Towards midday I visited the Penlee Coach House to hear veteran local journalist, Des Hannigan, give a lively talk about his life creating both local and national news stories. He is an engaging conversationalist and it was an extremely entertaining session.

Keith Jahans

Travels in Southern England – The Penzance Literary Festival Revisited

July 9, 2015

It is July and I am back in Cornwall at this most hospital of literature festivals. Followers may remember that I visited here last year. However, instead of camping this time I opted for a measure of luxury and I am staying in the magnificent Queens Hotel overlooking the promenade.

 Queens Hotel Penzance

My room is on the second floor and has a panoramic dormer window (the third one up in this picture & right under the roof) and I am lucky in that it has two windows offering outstanding views of Mounts Bay.

View from Queens Hotel Bedroom Window

Yesterday I participated in the opening workshop in the Morrab Library exploring writing for performance with Paul Dodgson. Paul is an experienced drama writer, having written and produced plays for stage, television and radio. He shared a few of his radio scripts with us some of which were acted out by the group. The plays offered excellent examples of what can be achieved by collaborative writing and also illustrated a few of the pitfalls by showing what could happen when works go wrong.

Later that evening I visited the Acorn Theatre, where I listened to Philip Marsden talk to Tim Hanigan about his book “Rising Ground” which explores the idea of place and the mythology associated with them. The legends surrounding Cornwall, Bodmin Moor, its Neolithic sites and the legends, such as those surrounding King Arthur, associated with them made a most interesting discussion.

For photographs of the Morrab Library and the Acorn Theatre I refer you back to my earlier visit to the festival at The festival continues until the end of Saturday.

Keith Jahans
Editor, Peatmore Press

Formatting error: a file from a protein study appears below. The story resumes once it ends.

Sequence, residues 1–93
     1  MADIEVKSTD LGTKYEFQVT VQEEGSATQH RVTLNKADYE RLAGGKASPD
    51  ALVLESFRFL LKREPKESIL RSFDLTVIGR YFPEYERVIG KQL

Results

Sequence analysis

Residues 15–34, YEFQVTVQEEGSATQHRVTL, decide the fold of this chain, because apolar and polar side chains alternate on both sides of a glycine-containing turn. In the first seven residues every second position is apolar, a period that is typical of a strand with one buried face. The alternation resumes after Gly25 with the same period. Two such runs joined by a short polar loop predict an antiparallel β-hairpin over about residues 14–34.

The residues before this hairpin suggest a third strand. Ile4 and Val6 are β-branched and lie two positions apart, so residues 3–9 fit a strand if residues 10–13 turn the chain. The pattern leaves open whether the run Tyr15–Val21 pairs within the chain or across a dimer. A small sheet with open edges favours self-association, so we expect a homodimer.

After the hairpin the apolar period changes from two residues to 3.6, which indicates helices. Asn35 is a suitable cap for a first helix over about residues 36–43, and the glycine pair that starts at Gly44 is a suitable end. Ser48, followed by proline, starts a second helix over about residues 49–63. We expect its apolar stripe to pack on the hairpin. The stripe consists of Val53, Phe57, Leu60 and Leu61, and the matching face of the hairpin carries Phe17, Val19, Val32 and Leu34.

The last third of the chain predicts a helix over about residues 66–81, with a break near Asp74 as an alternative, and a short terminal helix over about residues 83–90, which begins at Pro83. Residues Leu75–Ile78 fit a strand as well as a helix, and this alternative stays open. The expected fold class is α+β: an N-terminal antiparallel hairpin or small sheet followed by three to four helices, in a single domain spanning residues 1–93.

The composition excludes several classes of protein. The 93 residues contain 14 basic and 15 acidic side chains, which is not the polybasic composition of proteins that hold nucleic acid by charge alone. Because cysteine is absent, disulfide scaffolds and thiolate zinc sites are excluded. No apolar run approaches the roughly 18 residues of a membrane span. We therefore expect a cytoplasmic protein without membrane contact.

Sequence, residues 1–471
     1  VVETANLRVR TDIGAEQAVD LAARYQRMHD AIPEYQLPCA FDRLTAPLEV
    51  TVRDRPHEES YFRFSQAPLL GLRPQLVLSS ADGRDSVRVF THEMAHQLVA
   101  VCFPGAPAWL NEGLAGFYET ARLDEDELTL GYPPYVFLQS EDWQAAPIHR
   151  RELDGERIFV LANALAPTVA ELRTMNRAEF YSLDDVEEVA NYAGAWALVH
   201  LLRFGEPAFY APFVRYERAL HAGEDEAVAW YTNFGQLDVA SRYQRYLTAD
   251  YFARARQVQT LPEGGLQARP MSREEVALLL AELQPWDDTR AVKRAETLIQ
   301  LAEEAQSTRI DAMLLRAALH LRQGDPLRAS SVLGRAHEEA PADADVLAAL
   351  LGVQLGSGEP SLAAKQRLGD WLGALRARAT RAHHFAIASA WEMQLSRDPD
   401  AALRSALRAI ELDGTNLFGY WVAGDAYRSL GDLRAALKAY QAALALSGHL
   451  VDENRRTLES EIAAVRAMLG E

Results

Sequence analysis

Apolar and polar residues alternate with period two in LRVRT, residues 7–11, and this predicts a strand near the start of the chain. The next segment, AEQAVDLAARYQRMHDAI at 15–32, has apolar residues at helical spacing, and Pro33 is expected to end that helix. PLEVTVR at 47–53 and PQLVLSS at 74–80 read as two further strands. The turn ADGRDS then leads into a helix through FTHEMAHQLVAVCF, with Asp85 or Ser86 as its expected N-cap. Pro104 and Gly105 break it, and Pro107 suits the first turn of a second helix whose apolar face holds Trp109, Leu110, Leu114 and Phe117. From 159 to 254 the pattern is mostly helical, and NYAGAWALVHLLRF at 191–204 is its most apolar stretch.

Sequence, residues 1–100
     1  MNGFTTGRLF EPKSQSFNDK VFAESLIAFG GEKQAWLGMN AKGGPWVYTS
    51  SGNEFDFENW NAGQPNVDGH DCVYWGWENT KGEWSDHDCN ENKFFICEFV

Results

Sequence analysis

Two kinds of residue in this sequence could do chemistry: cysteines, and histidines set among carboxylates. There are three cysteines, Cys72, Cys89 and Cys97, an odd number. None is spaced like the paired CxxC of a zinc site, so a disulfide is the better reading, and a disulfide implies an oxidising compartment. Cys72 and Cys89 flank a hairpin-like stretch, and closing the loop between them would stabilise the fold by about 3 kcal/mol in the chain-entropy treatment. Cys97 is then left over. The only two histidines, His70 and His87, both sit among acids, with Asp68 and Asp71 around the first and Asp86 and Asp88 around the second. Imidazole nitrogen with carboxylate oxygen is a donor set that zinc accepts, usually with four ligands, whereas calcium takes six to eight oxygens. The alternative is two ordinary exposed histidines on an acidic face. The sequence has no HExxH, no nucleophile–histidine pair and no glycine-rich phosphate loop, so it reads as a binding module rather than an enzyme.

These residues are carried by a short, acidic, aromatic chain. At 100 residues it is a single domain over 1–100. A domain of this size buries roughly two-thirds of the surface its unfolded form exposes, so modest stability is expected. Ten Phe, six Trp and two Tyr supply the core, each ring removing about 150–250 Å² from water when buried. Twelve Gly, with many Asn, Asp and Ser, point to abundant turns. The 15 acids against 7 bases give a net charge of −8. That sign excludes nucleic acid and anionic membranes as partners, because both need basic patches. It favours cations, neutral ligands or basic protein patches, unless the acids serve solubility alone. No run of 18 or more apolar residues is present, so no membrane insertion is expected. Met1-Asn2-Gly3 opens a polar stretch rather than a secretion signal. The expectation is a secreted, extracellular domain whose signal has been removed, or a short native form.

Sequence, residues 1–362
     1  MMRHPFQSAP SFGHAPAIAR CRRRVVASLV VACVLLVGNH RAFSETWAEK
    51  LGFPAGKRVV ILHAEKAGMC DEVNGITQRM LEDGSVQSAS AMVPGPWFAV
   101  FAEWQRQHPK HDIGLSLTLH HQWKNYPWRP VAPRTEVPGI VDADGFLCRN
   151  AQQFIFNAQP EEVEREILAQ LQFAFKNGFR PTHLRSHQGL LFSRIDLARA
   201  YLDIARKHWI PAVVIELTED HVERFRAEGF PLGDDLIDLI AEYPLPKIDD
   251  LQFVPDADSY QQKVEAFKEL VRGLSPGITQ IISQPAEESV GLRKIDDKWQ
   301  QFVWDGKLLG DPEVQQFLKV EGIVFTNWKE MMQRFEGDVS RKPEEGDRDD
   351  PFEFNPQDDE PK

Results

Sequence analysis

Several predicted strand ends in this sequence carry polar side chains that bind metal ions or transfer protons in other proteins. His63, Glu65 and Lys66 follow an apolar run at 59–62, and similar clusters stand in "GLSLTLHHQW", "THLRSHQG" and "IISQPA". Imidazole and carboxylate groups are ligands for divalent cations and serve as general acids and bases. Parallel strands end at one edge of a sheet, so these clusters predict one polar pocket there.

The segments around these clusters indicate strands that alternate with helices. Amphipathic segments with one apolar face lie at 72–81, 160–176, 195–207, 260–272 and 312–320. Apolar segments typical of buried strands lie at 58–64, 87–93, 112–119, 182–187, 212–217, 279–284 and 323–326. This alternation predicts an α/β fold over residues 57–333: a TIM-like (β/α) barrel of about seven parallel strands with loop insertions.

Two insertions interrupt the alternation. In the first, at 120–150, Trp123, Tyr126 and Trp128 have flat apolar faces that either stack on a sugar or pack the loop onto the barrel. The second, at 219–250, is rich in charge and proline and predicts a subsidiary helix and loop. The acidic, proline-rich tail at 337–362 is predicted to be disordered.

Travels in Southern England

July 21, 2014

20 July 2014

This was the last day of the Festival. At 11 am I took part in a travel writing workshop led by award-winning Cornish travel writer, Tim Hannigan. It was expertly run and I received some excellent tips on how to sell articles to travel magazines.

The workshop was held in a rather grand room in the Union Hotel. It was from the balcony in this room that Nelson’s victory and death at the battle of Trafalgar was first announced. A rather ghoulish face which we were told was Nelson’s death mask is suspended below the balcony. Thus we discussed our views on how to make the best use of our travel adventures as an exceedingly unhappy Nelson looked down on us from above.

Balcony in Union Hotel from where Nelson's victory was announcedThe balcony in Union Hotel from where Nelson’s victory and death was first announced

Nelson's Death Mask
A closer view of Nelson’s death mask suspended below the balcony

I returned to the Acorn Theatre that evening to witness a script in hand reading by ‘The Wireless Ensemble’ of Penzance writer Stephen Saunter’s comedy radio play, “It’s What he would have wanted,” about along overdue burial. Given that I have recently witnessed two very sad funerals I should not have found it funny. But I did.

After the performance finished I was honoured to be allowed to take part in Shout Kernow: the tradition of Cornish pub singing in the theatre bar. It was hosted by two ladies, Hilary Coleman and Sally Burley, who had succeeded in obtaining funding to travel to all the pubs in Cornwall to write down traditional songs they might hear there on condition that they would write a book of there experiences (some in the audience thought it an enterprising way of financing a pub crawl). The book has yet to appear but I added my email address to the long list of people who wished to be notified when it finally materialized. However, they did produce some song sheets and we set about them with great gusto with the aid of the Red River Singers. It was a perfect end to a great festival. Long may it continue.


Travels in Southern England

July 20, 2014

19 July 2014